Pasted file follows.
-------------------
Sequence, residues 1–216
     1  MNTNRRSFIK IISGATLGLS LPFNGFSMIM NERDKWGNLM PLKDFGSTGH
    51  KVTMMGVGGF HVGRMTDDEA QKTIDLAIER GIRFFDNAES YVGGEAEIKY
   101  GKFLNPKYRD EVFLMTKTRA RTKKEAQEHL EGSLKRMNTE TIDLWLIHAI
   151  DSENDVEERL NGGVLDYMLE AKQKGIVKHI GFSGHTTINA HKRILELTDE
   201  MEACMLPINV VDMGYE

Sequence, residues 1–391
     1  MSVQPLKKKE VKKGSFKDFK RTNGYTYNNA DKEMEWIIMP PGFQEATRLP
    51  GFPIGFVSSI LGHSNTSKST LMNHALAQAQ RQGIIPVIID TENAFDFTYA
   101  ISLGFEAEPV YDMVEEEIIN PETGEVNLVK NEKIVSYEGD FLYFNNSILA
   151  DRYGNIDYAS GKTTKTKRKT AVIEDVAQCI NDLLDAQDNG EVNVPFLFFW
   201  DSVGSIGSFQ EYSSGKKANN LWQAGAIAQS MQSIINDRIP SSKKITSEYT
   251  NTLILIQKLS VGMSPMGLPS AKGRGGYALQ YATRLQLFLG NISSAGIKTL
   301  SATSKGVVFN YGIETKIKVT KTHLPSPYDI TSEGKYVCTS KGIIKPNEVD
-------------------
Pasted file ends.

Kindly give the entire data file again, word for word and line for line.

Sequence, residues 1–216
     1  MNTNRRSFIK IISGATLGLS LPFNGFSMIM NERDKWGNLM PLKDFGSTGH
    51  KVTMMGVGGF HVGRMTDDEA QKTIDLAIER GIRFFDNAES YVGGEAEIKY
   101  GKFLNPKYRD EVFLMTKTRA RTKKEAQEHL EGSLKRMNTE TIDLWLIHAI
   151  DSENDVEERL NGGVLDYMLE AKQKGIVKHI GFSGHTTINA HKRILELTDE
   201  MEACMLPINV VDMGYE

Sequence, residues 1–391
     1  MSVQPLKKKE VKKGSFKDFK RTNGYTYNNA DKEMEWIIMP PGFQEATRLP
    51  GFPIGFVSSI LGHSNTSKST LMNHALAQAQ RQGIIPVIID TENAFDFTYA
   101  ISLGFEAEPV YDMVEEEIIN PETGEVNLVK NEKIVSYEGD FLYFNNSILA
   151  DRYGNIDYAS GKTTKTKRKT AVIEDVAQCI NDLLDAQDNG EVNVPFLFFW
   201  DSVGSIGSFQ EYSSGKKANN LWQAGAIAQS MQSIINDRIP SSKKITSEYT
   251  NTLILIQKLS VGMSPMGLPS AKGRGGYALQ YATRLQLFLG NISSAGIKTL
   301  SATSKGVVFN YGIETKIKVT KTHLPSPYDI TSEGKYVCTS KGIIKPNEVD